iPhone 4: Review

overview-features-homescreen-20100607.jpgI think everyone already knows that the iPhone 4 is a great device. I almost hate to call it a phone because I use it’s phone capabilities about 20% of the time. A more fitting description of the iPhone would be a “personal digital media and communications device” instead of merely a phone but somehow that really doesn’t roll of the tongue.

I’ve already spoken a bit about iOS 4 and the new capabilities it introduces and all are obviously relevant on the iPhone 4 since it ships with the new OS. What we’re more interested in here is the device itself. Let’s begin:

Form Factor

Unlike the subtle changes from the iPhone 1G through the 3Gs the 4 takes on a more radical departure from it’s predecessors. It’s more square design eliminates round edges in favor of clean lines and as a result a more cleaner look. As a result it will take prior owners of the device some getting used to but nothing too dramatic that it’s a nuisance. The new design is a welcome refresh and solidifies it as the serious digital companion it has become.

The front and now the back as well are a special chemically strengthened glass that Apple claims is “20 times more stiffer and 30 times more harder than plastic”. Based on the glass on the older 3Gs, I’d say that for the most part we won’t have much to worry about in the durability department.


By far the most dramatic enhancement to the device after the form factor is the display. Dubbed the “Retina Display” by Apple it is bar none the most clear, crisp and bright display you will see on a phone or for that matter any digital device of this size. Text renders so cleanly you’d swear you’re looking at a high resolution image as opposed to dynamically rendered text. As hard as you might try you can’t make out any pixel squares whatsoever, no matter how close you hold the unit to your naked eyes. As a result most existing application icons looks blurry and pixelated until they are updated with higher resolution images.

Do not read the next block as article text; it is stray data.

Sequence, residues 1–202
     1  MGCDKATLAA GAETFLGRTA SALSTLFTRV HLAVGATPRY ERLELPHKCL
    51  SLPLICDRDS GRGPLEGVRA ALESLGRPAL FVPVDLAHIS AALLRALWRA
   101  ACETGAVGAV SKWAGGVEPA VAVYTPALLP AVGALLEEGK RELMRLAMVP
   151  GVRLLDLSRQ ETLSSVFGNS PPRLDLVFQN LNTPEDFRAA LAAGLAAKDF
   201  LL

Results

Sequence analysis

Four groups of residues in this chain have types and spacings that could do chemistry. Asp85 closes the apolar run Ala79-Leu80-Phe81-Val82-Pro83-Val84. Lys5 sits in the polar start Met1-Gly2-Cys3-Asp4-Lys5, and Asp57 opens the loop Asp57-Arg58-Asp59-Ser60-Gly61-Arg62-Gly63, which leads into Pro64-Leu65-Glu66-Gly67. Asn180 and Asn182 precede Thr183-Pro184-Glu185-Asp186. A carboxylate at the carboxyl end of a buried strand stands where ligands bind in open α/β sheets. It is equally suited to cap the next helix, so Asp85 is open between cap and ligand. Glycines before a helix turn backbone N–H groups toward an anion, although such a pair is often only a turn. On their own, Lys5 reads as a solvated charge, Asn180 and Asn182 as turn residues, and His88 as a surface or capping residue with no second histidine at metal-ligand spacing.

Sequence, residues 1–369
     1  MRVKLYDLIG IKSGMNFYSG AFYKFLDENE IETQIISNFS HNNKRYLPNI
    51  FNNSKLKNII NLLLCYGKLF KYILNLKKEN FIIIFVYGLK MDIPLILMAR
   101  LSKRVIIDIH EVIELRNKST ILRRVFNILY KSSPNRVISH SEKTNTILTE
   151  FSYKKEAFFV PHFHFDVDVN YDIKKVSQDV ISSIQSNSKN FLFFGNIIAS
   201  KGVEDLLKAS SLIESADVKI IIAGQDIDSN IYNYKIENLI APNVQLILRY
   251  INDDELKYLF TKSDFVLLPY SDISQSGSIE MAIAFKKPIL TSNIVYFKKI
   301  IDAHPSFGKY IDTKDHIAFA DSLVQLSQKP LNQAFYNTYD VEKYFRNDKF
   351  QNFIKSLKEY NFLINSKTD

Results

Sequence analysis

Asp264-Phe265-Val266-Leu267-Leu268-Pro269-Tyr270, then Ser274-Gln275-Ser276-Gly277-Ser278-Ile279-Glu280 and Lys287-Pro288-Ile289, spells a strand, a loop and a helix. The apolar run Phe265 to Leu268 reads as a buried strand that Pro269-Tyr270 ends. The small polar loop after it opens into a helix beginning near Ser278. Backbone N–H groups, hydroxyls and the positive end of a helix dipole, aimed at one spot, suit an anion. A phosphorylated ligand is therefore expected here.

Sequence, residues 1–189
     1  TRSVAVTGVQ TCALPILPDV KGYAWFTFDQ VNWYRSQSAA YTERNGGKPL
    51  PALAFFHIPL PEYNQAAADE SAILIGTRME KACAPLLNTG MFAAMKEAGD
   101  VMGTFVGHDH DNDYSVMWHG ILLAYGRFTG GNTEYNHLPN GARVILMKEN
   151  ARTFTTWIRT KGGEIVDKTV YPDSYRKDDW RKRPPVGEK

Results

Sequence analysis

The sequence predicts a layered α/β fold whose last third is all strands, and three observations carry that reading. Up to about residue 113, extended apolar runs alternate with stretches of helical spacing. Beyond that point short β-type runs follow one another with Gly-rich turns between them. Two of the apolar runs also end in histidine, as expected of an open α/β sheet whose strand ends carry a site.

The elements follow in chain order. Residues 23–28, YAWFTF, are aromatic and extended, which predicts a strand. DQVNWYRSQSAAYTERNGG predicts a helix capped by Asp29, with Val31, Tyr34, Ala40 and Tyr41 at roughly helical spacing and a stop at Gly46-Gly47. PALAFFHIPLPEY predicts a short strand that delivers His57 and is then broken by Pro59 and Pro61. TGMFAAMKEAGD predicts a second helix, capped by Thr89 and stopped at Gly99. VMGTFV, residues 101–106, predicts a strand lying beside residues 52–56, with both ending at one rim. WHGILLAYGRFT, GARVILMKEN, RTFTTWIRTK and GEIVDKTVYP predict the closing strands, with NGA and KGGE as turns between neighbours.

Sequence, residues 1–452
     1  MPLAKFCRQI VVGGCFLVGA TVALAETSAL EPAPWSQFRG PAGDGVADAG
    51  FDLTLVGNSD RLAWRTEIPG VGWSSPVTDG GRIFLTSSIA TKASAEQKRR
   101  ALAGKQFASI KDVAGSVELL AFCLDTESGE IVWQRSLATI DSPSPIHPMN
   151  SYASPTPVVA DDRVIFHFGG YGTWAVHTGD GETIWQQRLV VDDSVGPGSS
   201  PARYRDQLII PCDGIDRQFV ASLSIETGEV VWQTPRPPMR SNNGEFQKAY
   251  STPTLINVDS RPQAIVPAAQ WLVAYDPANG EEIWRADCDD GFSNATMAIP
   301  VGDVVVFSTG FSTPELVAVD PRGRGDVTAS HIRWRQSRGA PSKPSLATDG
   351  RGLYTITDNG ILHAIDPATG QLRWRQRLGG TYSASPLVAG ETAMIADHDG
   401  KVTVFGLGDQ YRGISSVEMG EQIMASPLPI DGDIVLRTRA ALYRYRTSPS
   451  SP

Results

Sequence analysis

Personally even my iPad’s display now looks antiquated compared to the iPhone 4’s display as you can clearly see the pixel squares on it’s larger display. Viewing your photo album on this phone is quite pleasurable and easy on the eyes. Once developers really start to take advantage off all the extra pixels at their disposal I think we’ll see some really neat apps start to become available.


Now sporting a 5 Megapixel camera sensor and the addition of an LED flash the camera upgrade was a very necessary but albeit less dramatic addition. Obviously pictures are clearer and of higher resolution and videos can now be recorded in HD which actually come out very, very well. The addition of a flash was a long time coming and works fairly well. A nice feature is the ability for it to remain lit while recording video in a dark setting.

The more obvious and compelling feature is the addition of a second camera mounted on the front of the unit. Not only does this allow for the new video chat capabilities which we’ll come to shortly but also allows you to switch between both cameras whether you’re taking a picture or shooting video. One nice side affect is taking self portrait shots of yourself or you and another person or two is now quite easy as you can see exactly how the picture will be framed.